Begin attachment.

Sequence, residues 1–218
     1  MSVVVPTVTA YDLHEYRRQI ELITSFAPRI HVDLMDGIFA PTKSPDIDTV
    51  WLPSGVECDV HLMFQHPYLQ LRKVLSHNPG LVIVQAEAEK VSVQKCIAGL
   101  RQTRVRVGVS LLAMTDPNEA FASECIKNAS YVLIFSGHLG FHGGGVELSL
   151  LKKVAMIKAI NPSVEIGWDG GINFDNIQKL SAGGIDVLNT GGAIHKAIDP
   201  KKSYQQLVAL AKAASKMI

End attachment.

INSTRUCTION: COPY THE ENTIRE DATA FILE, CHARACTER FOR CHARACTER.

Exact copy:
Sequence, residues 1–218
     1  MSVVVPTVTA YDLHEYRRQI ELITSFAPRI HVDLMDGIFA PTKSPDIDTV
    51  WLPSGVECDV HLMFQHPYLQ LRKVLSHNPG LVIVQAEAEK VSVQKCIAGL
   101  RQTRVRVGVS LLAMTDPNEA FASECIKNAS YVLIFSGHLG FHGGGVELSL
   151  LKKVAMIKAI NPSVEIGWDG GINFDNIQKL SAGGIDVLNT GGAIHKAIDP
   201  KKSYQQLVAL AKAASKMI